Since most of the race so far had been going away from the sun rising or in shaded areas, I hadn’t needed my Oakley sunglasses. As I went to put them on, on the uphill in Cameron Village (where there were a ton of spectators), my nose-pad flew off! I caught it and tried to fix it as I maintained my pace uphill. I wanted to keep the 1:40 pace group in my sight, right ahead of me. My hands were too sweaty to get the nosepad to latch on. I’d had this problem over the past few months but I’d usually been able to get it back on pretty easily. Not this time. I debated whether or not I should just carry them and deal with the sun in my eyes for the last 4-ish miles (we were about to start running right into the sun) or stop and get the nose pad on. I stopped. REGRETTING that now. I thought once I stopped, I’d get the nose pad on quickly. Nope, I struggled and a very nice spectator helped me secure it. I wasn’t taking my sunglasses off until the finish! However, I had a giant fingerprint in the middle of the left lens which was pretty annoying for the rest of the race. I had stopped my watch, not thinking, so I’m not sure how much time I lost.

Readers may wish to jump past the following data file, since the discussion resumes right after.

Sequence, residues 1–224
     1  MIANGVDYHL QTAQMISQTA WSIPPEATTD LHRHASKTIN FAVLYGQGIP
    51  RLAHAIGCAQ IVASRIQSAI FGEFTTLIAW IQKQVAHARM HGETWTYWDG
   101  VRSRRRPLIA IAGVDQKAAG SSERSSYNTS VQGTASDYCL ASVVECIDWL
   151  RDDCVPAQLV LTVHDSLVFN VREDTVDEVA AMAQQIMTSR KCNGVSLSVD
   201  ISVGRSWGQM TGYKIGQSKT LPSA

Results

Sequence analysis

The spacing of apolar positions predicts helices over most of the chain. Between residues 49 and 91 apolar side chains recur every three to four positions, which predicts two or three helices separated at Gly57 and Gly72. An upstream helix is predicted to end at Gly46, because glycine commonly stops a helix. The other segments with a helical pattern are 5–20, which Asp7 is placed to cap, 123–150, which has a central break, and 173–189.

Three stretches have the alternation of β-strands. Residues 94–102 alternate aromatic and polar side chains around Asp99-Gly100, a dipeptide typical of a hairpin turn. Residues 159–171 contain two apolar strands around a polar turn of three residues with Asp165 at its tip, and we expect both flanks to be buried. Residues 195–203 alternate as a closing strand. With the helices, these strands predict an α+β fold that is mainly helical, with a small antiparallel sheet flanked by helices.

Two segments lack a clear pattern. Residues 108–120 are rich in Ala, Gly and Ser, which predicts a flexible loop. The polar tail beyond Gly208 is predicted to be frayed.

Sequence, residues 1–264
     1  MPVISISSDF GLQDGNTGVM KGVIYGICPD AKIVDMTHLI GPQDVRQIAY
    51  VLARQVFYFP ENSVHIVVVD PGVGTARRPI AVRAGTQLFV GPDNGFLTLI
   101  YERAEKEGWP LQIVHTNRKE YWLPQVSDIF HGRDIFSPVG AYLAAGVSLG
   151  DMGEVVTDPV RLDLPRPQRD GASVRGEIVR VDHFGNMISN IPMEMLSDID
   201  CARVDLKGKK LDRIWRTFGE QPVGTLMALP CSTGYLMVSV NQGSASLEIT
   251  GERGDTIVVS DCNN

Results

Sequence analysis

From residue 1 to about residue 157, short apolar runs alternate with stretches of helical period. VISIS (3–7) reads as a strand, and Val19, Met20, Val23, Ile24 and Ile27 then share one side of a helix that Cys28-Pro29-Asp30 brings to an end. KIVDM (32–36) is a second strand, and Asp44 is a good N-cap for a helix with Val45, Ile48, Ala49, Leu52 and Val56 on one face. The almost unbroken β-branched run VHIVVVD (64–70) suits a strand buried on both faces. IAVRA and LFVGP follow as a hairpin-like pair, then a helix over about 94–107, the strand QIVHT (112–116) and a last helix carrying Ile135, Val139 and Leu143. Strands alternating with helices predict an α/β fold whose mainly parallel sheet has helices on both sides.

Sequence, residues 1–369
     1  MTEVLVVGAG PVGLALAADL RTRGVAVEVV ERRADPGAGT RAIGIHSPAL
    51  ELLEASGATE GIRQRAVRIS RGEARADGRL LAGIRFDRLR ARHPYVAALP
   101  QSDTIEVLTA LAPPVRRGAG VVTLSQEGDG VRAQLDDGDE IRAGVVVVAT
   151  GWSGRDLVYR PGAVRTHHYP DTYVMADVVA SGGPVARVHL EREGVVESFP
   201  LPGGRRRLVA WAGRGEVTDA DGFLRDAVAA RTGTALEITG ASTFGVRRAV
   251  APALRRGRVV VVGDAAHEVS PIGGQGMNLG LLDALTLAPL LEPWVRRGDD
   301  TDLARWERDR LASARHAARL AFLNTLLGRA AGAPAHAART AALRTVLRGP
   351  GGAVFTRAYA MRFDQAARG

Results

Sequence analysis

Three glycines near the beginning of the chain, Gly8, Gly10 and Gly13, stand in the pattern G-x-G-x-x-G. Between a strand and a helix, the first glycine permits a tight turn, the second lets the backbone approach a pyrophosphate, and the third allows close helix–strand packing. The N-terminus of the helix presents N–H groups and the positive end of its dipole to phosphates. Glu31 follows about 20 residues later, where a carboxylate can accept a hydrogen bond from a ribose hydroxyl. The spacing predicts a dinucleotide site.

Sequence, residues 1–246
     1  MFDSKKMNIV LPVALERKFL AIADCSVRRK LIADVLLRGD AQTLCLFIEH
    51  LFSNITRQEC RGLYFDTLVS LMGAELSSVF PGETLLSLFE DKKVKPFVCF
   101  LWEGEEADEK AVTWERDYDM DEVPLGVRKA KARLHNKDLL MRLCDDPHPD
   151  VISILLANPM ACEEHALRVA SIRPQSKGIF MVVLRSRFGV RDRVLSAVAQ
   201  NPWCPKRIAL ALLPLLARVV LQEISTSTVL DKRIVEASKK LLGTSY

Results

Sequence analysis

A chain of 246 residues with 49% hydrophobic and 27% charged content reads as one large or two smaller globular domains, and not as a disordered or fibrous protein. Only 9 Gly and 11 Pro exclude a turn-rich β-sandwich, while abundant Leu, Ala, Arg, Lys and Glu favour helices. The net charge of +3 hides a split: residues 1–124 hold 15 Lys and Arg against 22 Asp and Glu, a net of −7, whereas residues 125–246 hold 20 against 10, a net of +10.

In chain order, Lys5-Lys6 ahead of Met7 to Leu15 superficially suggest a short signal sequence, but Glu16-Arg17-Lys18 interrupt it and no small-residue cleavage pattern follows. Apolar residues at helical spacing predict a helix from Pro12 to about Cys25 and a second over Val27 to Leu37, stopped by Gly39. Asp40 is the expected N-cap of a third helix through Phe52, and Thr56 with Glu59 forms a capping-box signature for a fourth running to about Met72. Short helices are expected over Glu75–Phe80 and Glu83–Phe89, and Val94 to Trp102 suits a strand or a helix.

I tried to speed up to make up for lost time. It was hard to get going again, especially since I’d stopped halfway up the hill. Time for a gel! I don’t know if I was just out of practice or what but I couldn’t get my GU open! I struggled and finally used my teeth (hate doing that). I took my Caramel Macchiato GU around mile 8.5 as we turned onto Hillsborough Street. I felt close to the finish, running back towards downtown. Raleigh’s a very clean city and so was the course. I felt bad throwing my gel wrapper along the side of the course so held onto it until a water stop, something I don’t think I’ve done before during a race. Matt and Mike said the same thing.